When buying a home, there are several factors that affect how much mortgage you can afford. Two of the most important are the property prices and current mortgage interest rates. Is it better to search for the absolute lowest rate or is it more helpful to choose a less-expensive home? Here’s how the two factors are related and how to make the right choice.
Since higher mortgage rates make homebuying more expensive for buyers, you might think that home prices would tend to fall during high rate climates in order to compensate for those costs. Unfortunately, that is not always (or even usually!) the case. There have been many instances over the past 40 years when interest rates have dramatically spiked (more than 2% in less than a year’s time) and home prices have continued to see strong upward movement. For example, back in April 1999 mortgage interest rates on 30-year fixed rate loans averaged 6.92% but jumped up to 8.52% by May 2000. Over that same period home prices skyrocketed 10.9%.
Historical data suggests that there is not much correlation between home prices and interest rates at all. Both components are affected by the general strength of the economy, more than each other. If the economy is booming, rates will likely increase to temper inflation, but house prices will rise to keep up with the pace of inflation or because there are more buyers with secure jobs and growing wages.
It can be difficult to know when the right time is to buy. You may be watching to see if interest rates are falling or if home prices are likely to rise in the next few months. Trying to time the market just right is almost impossible. It is best to buy when you can comfortably afford the payments, instead of waiting for a magic market moment.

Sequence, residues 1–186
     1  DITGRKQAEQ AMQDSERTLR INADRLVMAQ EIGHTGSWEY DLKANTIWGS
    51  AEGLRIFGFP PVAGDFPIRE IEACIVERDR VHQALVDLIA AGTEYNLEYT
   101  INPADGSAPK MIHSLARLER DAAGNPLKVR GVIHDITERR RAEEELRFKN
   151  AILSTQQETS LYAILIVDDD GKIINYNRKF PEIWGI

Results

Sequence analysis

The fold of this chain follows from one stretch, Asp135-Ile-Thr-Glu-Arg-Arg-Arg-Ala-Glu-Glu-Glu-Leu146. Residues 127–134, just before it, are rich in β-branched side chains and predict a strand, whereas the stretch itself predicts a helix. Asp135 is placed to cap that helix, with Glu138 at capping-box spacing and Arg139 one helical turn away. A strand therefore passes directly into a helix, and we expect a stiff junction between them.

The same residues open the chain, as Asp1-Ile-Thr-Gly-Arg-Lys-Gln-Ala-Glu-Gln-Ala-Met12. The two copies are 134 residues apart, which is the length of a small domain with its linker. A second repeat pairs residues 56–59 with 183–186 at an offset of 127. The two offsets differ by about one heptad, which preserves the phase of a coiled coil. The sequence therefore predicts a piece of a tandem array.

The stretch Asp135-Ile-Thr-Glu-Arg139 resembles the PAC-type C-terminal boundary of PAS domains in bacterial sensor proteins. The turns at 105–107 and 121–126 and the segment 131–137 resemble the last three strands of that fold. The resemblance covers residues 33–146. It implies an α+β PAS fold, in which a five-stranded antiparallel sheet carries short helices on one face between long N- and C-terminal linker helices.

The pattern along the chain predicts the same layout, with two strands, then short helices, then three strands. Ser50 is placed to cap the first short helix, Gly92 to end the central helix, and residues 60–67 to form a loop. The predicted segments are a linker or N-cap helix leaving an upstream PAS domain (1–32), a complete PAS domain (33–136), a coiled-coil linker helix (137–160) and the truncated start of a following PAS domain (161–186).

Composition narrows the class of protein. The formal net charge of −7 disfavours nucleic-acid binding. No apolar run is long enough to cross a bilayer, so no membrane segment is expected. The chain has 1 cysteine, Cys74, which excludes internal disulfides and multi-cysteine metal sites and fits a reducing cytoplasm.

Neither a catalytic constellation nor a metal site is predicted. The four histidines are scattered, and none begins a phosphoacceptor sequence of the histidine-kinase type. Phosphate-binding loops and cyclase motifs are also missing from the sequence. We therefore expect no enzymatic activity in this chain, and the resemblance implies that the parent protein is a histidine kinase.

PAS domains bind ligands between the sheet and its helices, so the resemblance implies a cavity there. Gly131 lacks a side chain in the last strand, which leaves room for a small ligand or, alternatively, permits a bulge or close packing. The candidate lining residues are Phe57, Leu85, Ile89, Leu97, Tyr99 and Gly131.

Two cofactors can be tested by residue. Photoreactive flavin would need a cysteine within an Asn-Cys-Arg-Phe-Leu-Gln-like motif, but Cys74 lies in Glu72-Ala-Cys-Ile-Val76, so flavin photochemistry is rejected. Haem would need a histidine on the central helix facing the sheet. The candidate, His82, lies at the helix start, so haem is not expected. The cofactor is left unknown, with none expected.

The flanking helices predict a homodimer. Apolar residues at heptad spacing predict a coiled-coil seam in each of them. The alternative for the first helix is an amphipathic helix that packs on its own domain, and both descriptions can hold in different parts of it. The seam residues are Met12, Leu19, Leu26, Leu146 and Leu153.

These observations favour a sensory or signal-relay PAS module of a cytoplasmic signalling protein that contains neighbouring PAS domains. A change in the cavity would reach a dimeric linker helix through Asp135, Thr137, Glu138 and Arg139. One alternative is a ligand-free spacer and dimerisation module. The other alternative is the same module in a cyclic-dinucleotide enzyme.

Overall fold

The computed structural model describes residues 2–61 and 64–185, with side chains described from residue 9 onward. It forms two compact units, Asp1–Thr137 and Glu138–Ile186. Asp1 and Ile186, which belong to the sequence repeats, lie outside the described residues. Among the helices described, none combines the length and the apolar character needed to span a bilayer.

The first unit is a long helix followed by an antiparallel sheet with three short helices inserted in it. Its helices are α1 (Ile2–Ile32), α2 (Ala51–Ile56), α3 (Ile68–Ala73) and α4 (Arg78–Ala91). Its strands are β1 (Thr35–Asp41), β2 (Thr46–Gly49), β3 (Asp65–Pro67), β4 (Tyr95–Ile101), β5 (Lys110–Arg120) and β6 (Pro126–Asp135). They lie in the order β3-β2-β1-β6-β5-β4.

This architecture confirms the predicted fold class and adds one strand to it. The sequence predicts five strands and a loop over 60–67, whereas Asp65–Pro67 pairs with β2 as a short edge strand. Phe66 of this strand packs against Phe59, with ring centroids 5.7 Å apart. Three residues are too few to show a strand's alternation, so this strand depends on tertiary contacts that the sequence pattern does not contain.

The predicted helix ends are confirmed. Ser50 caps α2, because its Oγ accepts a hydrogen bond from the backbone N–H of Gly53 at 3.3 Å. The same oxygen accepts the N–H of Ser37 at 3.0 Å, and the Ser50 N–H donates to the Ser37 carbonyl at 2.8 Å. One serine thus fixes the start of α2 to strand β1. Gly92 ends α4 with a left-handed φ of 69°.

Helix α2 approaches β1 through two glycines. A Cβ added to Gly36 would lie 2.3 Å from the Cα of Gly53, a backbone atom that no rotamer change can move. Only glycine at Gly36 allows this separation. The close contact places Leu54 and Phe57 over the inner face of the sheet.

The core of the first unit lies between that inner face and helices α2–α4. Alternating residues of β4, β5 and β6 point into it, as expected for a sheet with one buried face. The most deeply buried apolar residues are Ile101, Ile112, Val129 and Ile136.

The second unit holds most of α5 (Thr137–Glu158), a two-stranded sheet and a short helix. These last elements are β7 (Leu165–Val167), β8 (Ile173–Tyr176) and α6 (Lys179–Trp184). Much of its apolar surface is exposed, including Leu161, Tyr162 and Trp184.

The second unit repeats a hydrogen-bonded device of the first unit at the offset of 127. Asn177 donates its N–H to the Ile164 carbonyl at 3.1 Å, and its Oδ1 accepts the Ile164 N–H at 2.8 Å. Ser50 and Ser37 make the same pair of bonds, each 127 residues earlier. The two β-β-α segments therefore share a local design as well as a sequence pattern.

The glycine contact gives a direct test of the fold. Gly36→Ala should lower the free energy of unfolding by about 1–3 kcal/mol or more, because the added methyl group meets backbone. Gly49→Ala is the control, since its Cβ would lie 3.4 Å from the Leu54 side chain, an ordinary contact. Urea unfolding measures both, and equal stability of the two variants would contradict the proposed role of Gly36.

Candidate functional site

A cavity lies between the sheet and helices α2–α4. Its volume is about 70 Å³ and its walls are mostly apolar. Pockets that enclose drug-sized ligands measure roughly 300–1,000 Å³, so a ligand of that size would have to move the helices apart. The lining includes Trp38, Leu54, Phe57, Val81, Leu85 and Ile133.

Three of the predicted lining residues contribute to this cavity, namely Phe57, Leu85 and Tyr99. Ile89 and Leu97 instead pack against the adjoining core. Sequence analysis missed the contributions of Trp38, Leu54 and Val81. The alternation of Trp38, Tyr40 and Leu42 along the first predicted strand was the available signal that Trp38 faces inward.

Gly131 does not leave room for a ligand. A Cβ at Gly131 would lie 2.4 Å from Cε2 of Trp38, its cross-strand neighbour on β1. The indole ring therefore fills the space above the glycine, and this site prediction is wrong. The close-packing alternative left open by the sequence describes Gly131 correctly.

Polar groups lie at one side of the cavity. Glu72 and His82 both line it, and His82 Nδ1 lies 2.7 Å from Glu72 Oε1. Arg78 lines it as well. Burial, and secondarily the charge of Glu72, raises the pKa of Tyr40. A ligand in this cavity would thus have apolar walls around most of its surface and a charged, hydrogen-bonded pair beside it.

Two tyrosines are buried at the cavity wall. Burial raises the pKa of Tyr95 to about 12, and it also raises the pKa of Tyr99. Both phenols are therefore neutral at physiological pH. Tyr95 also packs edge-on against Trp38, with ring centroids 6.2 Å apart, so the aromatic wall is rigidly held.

For example, say you decide to buy a $200,000 home when the average interest rate is 4.5%. If you contribute a 20% down payment ($40,000), your monthly payments would be $811 and your total interest costs over the life of the loan would be $131,851.
But what if you wait a year and rates rise to 5% while the property price slips to $190,000. Your 20% down payment would fall to $38,000 but your monthly payment would rise to $816. Over the course of the loan you would spend $141,749 in interest, $10,000 more than in the first example.
In these situations, it seems the interest rate is a bigger influence on your overall costs, but there are several more things to consider. Buying a less-expensive home, can bring down your down payment and for many first-time buyers that difference in upfront cash can be huge. If the down payment rises too high because of home price, some buyers can be squeezed out of the market.
It is also important to note that is not possible to change your home price once the sale is final, but it is possible to change your rate through refinancing. Buying a less-expensive home with a higher rate could pay off if you are able to refinance into better terms in the future.
And of course, buyers should consider how long they plan to stay in the home. Most homeowners move within 10 years of purchasing. Higher interest rates are easier to stomach if you are only going to be making those payments for a few years.
When it comes to deciding whether to look for the lowest home price or the lowest rate, which one is more important will depend on your personal situation. We can help you figure out which one will better help you afford homeownership.